Never before, has breaking an electronic gadget been like breaking my own shackles.
On Christmas of 2009, I played with my new iPod Touch for the whole day. A full year later, after the warranty expired, the headphone jack became faulty. I could only hear my music out of the right side of my earbuds and bought several new pairs of earbuds before I figured out the problem. It was too late before I realized that I was just stuck.
But it was my iPod Touch, a brilliant little machine that I wasn’t prepared to forsake! I could look at the internet, check my email, download all of these cute little apps and games. . . it was the best toy an adult could have. And if it was a small matter of an earphone jack gone awry, I could deal with it. I could jiggle the damn thing until it worked in both ears and not jog anymore. (Ha! Like this was the one thing that stopped me from jogging!)
I did that for the next two years until it finally became a damn nuisance. A couple weeks ago, I read an article in Mother Jones called “These Guys Can Make Your iPhone Last Forever,” and I was very much inspired to fix my iPod myself.
What I took from the article was that we’ve lost our power as consumers. When we break something, we have to go out and buy the replacement or something newer. It is not in my budget to buy something better than the current iPod Touch Gen 2. When Noah got it for me in 2009, I expected to have it until it fell apart (literally.)
The guys of iFixit.com ask us, as consumers, not be so afraid of falling behind on getting the greatest and latest gadget. Fix your own stuff. I was sold. This was going to be the biggest middle finger to Apple that I could think of. So I watched a few YouTube videos and thought I was ready to get inside of my machine.
I got inside all right.
I BROKE the player to the point it refused to play at all. So yeah, I fucked up. That’s what happens when you try to take your power back as a consumer; Apple always wins!
I was very upset with myself for not leaving well enough alone. I was angry for thinking that I was smart enough to poke around in a machine without any real authority. When I told various friends about what I did, they weren’t surprised at all.
“You know Apple does that on purpose, right?”
“You can’t pry those things apart without breaking something and screwing up your warranty.”
“They want you to just go ahead and buy the Generation 3.”
“My god, why don’t you have an iPhone yet??”
I know that iFixit.com still offers a brilliant service to consumers. For those who actually know their way around appliances and gadgets, this is their website. It has easy to follow manuals that are written by regular people. If you have a good idea of what you’re doing, visit this site before you throw something away and buy something new.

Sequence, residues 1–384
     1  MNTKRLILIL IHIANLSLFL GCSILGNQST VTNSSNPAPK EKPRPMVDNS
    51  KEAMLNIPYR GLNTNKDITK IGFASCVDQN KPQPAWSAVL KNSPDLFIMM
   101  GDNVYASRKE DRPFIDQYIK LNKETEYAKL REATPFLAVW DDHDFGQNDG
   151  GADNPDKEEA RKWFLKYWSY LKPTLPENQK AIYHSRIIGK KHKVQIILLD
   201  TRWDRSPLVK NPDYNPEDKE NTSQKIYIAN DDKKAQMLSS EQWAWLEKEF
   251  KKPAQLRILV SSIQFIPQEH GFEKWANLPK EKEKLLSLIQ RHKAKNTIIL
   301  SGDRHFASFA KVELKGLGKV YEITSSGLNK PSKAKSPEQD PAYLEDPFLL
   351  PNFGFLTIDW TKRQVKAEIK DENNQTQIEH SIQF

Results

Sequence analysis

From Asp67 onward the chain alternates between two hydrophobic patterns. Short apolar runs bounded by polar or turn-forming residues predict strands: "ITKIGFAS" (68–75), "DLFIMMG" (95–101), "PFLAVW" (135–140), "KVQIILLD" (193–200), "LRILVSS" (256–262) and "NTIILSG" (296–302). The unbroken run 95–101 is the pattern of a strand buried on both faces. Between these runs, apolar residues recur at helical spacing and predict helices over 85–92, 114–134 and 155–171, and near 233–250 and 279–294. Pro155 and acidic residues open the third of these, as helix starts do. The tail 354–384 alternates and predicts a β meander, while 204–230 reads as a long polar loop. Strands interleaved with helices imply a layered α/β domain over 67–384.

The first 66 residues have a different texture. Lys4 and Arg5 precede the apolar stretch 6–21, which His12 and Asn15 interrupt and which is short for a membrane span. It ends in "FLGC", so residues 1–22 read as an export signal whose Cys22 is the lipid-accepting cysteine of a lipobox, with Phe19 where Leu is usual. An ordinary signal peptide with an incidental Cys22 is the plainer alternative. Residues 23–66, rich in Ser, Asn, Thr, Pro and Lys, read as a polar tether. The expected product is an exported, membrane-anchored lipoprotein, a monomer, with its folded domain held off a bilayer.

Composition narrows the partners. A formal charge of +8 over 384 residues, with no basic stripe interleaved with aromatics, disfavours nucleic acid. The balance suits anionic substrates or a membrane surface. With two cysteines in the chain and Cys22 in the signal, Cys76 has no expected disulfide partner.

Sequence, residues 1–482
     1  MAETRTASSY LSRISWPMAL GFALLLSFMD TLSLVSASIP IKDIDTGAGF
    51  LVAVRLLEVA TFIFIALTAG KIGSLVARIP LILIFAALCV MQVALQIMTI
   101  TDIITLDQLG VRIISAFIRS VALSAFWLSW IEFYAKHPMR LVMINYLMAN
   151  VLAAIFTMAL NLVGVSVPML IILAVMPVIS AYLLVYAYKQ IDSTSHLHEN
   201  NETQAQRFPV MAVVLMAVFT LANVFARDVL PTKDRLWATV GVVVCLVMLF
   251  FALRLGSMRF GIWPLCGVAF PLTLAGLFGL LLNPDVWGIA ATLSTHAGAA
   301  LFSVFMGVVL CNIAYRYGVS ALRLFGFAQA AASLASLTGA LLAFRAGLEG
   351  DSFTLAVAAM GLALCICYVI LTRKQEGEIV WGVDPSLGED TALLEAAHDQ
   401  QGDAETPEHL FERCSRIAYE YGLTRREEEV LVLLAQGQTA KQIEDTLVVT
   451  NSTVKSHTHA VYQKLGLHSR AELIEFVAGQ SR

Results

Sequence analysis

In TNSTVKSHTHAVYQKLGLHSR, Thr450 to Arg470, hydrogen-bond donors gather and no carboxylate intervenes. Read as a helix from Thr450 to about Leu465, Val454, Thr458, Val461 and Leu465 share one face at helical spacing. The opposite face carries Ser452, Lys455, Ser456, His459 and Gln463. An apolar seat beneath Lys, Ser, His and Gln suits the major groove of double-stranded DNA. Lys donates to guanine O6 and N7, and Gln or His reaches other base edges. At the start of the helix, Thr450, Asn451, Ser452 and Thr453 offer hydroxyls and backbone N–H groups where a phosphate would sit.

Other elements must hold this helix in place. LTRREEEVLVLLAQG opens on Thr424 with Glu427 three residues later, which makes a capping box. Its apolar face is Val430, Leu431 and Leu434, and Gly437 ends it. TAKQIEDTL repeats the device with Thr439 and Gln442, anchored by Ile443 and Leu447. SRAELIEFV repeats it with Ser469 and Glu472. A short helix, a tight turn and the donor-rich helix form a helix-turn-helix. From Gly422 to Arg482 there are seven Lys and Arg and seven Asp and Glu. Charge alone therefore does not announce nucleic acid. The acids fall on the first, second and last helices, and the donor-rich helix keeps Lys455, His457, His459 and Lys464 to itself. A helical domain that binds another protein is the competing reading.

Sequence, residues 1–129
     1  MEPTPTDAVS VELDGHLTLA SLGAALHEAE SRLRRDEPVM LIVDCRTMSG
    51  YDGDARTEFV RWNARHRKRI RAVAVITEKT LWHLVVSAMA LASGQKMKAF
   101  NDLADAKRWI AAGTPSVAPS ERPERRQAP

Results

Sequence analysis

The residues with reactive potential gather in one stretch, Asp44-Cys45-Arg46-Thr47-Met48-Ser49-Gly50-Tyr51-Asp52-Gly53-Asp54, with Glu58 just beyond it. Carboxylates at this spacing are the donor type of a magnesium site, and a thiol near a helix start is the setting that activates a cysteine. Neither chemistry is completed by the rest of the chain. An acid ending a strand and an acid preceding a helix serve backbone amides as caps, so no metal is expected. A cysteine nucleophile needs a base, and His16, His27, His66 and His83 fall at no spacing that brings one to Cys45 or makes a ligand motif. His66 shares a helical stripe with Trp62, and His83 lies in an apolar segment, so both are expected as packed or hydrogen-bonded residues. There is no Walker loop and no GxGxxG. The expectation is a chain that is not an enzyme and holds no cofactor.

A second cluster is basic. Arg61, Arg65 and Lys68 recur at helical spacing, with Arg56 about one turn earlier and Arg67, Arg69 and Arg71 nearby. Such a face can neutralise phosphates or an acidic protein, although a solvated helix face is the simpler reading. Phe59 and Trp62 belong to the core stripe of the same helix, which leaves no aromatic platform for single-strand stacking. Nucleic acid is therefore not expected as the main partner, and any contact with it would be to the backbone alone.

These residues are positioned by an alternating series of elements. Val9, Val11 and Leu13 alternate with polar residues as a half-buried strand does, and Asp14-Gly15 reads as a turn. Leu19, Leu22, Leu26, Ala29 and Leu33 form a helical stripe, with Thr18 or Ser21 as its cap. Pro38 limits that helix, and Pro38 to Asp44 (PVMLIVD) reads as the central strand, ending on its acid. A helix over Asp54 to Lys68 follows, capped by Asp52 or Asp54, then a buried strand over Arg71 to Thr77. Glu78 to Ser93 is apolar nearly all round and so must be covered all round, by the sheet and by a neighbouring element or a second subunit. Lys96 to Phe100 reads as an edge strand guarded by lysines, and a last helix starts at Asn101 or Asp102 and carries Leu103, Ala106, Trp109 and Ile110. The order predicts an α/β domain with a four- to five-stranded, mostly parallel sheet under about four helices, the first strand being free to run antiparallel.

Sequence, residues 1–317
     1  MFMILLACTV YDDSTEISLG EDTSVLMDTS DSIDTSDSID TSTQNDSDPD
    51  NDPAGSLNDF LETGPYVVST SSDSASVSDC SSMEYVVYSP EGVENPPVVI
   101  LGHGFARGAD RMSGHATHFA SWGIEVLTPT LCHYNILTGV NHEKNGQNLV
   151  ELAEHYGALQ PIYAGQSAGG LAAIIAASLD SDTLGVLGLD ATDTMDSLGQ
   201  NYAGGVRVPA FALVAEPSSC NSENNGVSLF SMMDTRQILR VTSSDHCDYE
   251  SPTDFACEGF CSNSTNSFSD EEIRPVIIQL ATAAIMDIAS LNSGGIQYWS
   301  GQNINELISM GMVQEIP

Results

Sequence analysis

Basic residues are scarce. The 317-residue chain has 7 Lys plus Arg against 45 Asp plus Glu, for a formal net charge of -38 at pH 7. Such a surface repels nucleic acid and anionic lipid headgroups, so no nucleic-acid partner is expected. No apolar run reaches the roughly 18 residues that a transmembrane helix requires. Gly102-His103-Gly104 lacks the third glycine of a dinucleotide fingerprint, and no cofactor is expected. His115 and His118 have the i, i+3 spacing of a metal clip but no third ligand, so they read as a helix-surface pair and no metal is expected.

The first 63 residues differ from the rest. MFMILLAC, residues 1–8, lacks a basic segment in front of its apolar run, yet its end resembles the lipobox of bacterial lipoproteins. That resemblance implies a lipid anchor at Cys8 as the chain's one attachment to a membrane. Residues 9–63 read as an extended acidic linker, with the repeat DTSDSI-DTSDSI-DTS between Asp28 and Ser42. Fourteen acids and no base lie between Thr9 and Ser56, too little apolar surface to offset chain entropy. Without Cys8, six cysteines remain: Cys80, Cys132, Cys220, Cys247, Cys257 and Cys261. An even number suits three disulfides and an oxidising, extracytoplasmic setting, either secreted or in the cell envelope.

Now there is a silver lining to this story. After being upset about losing my mobile music source, I cried a little and then sprang into action. I tore up my entire house to find the tiny “no-frills” mp3 player I used before Noah bought me the iPod Touch.
When I found it, I felt hopeful. Finally, this was the only way I could be released from Apple’s stranglehold. This cheap little machine that held only 43 songs (anymore and you have to put in a SD memory card.), it didn’t light up or allow me to play games and check my mail. . . it just played music.
Isn’t that all I needed from the beginning? Something to listen to while I walked or jogged? I found the arm-strap carrier and the USB cord it came with and started loading it up. I found a 2 gb memory card that I could use for more music and podcasts. Because the mp3 files I have are universal, I don’t need an iPod to play them. Imagine that!
And now, as I listen to 197 songs, I’m excited about finally hearing music in both ears but more importantly, I no longer have the moral conflict of supporting mega giant Apple. Let’s not forget what Apple is responsible for:
- Sweatshop factory conditions where Chinese people are so overworked they’re killing themselves. But don’t worry (I guess) instead of creating better working conditions for humans, Foxconn is thinking about replacing humans all together in favor for robots.
- Apple and many other smart phone makers are tilling the earth for rare-earth minerals. When they mine and refine them, guess where the waste goes? (Hint: developing nations are a good start)
- Creating a new generation of obnoxious pseudo-liberal consumers. (This is more my problem and less the world’s problem.)
I think my plan will be to sell my broken iPod to a more responsible person on Ebay. Apparently that’s a thing, people sell broken things on Ebay all the time. And this might be a better option than me throwing the thing away, adding more to the radioactive trash we already have.
And now I’m off to jog, without fear of stopping every five yards to jiggle my earbud jack!